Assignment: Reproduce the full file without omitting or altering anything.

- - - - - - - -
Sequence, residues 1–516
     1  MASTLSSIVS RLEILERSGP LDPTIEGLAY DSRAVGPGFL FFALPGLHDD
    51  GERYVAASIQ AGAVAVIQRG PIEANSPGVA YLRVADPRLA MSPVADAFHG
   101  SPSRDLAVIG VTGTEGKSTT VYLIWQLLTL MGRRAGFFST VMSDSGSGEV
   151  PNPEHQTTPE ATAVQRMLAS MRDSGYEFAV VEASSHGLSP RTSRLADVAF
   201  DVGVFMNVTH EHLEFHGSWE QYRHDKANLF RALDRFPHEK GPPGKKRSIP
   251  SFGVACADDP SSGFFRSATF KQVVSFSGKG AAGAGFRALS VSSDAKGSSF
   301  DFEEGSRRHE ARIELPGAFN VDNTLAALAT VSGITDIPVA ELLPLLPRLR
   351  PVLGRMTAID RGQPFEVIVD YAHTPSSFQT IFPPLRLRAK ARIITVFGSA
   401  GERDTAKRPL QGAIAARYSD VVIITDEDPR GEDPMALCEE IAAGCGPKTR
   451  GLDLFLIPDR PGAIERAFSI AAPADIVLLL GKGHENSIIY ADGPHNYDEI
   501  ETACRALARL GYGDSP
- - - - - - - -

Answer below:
Sequence, residues 1–516
     1  MASTLSSIVS RLEILERSGP LDPTIEGLAY DSRAVGPGFL FFALPGLHDD
    51  GERYVAASIQ AGAVAVIQRG PIEANSPGVA YLRVADPRLA MSPVADAFHG
   101  SPSRDLAVIG VTGTEGKSTT VYLIWQLLTL MGRRAGFFST VMSDSGSGEV
   151  PNPEHQTTPE ATAVQRMLAS MRDSGYEFAV VEASSHGLSP RTSRLADVAF
   201  DVGVFMNVTH EHLEFHGSWE QYRHDKANLF RALDRFPHEK GPPGKKRSIP
   251  SFGVACADDP SSGFFRSATF KQVVSFSGKG AAGAGFRALS VSSDAKGSSF
   301  DFEEGSRRHE ARIELPGAFN VDNTLAALAT VSGITDIPVA ELLPLLPRLR
   351  PVLGRMTAID RGQPFEVIVD YAHTPSSFQT IFPPLRLRAK ARIITVFGSA
   401  GERDTAKRPL QGAIAARYSD VVIITDEDPR GEDPMALCEE IAAGCGPKTR
   451  GLDLFLIPDR PGAIERAFSI AAPADIVLLL GKGHENSIIY ADGPHNYDEI
   501  ETACRALARL GYGDSP